Electric vehicle (EV) companies are seen as an attractive investment opportunity with some of the biggest IPOs happening in the United States and China. In fact, there have been a number of IPO instances during 2020 involving Chinese manufacturers.
To name a few, Li Auto Inc LI raised $1.1 billion after it debuted on NASDAQ on Jul 30, 2020, being the second China-based EV maker to be listed on the U.S. stock market after NIO Inc. NIO. XPeng Motors XPEV also raised $1.5 billion after it made a public debut on the NYSE on Aug 27, 2020.
Elsewhere, Geely Automobile Holdings GELYY-owned Volvo Cars recently announced its plans to raise at least 25 billion kronor ($2.9 billion) in Sweden’s biggest IPO in decades and expects to debut on the Nasdaq Stockholm before the end of this year.
Amid the trending excitement in the market surrounding IPOs, Amazon AMZN and Ford F-backed Rivian Automotive Inc. filed for a confidential IPO in August and publicly submitted its paperwork recently with the security regulators. The EV start-up has applied to trade under the ticker symbol RIVN on the NASDAQ.
Headquartered in Irvine, CA, Rivian commenced operations in the year 2009 as Mainstream Motors before switching to the name Rivian two years later. The company makes an upscale pick-up truck and a sport utility vehicle, both designed to be driven off-road. These vehicles are manufactured at its plant in Normal, IL. The plant has a production capacity of 150,000 units annually.
The company had raised $10.5 billion in venture capital funding as of mid-2021, including from Amazon and Ford, each of which have an ownership of more than 5% in the company.
Rivian unveiled prototypes of its all-electric R1T truck and R1S SUV at the LA Auto Show in late 2018. The R1T and R1S are equipped with the Driver+ advanced driver assistance system. The Level 2 system assists drivers in a wide range of driving and parking situations. The company started deliveries of its R1T pick-up truck this September, beating Tesla, General Motors and Ford by being the first to bring an electric pick-up to the market.
Like Tesla, Rivian sells its vehicles directly to consumers, skipping dealership networks, and demands a refundable deposit when people configure their vehicle on its website.
Inside Rivian’s IPO Filing
In its recent S-1 filing with the Securities and Exchange Commission, Rivian revealed mounting losses and an ardent need for cash as it heads into one of the most anticipated IPOs of the year to fulfill its desire of designing, developing, producing and then selling EVs.
The filing states that Rivian currently operates six service centers in California, Illinois, Washington, and New York, and runs 11 mobile service vehicles that can go to a customer’s home and do repairs.
Rivian claims to have incurred a $994-million net loss in the first six months of 2021. In 2020, the company registered a net loss of $1.02 billion, underscoring the costs and risks involved in developing EVs. Further, the company expects to invest roughly $8 billion on infrastructure and equipment through the end of 2023. The company claims to still be in nascent stage of development having not generated any meaningful revenues till date.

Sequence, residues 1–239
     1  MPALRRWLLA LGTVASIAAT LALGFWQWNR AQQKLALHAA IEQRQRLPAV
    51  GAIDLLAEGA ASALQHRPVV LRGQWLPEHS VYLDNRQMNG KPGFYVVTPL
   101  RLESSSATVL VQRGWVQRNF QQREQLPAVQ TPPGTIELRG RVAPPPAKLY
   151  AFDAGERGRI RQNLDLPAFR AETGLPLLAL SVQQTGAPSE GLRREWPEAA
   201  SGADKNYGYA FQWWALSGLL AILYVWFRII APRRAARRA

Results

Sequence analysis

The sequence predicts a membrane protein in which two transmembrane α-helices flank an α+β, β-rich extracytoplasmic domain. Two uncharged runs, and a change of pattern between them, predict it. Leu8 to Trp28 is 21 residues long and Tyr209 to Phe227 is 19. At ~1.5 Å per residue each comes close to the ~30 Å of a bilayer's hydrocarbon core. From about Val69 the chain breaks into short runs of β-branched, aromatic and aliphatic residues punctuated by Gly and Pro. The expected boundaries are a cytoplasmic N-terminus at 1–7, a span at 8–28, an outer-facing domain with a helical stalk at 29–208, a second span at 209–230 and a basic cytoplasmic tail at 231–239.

Rivian also disclosed it had secured 48,390 pre-orders for its R1T pickup trucks and R1S SUVs in the United States and Canada as of September. The company also announced plans to roll out its seven-passenger R1S SUV this December. Management said in its filing that it also plans to build multiple vehicles within the consumer and commercial sectors.
Per the filing, Amazon, which has a contract to buy 100,000 last mile-delivery vehicles from Rivian, has invested more than $1.8 billion in the company. Amazon and Cox Automotive also have spots on the board of directors for Rivian, with Ford no longer having any representatives, according to the filing.
Rivian also presented its long-term business strategies in the filing. The company anticipates selling its EVs first in the United States and Canada, and then plans to expand to Western Europe, followed by the Asian-Pacific markets. The company also clarified that it does not expect to be profitable for the foreseeable future as it continues to invest in its business, and scale up its capacity and operations.
The company plans to establish its own network of charging stations as well as offer charging spots in hotels and other locations. Its filing states that the company has secured 24 Rivian Adventure Network direct current fast charging sites in seven states and 145 Rivian Waypoints charging sites in 30 states.
Though the filing did not mention how much money Rivian expects to raise in the offering, the initial reports suggest its IPO valuation could hit $80 billion.
What Lies Ahead for Rivian?
By opting for an IPO, Rivian would be able to raise the much-needed money to carve a niche in the growing and increasingly competitive landscape for EVs. With deliveries already underway, Rivian will start generating revenues soon. However, heavy losses are projected to continue for some time as underlined by the company’s flaring up expenses. Thus, investors need to keep a close eye on this intriguing young EV company to decide whether or not it would be worth betting on it.
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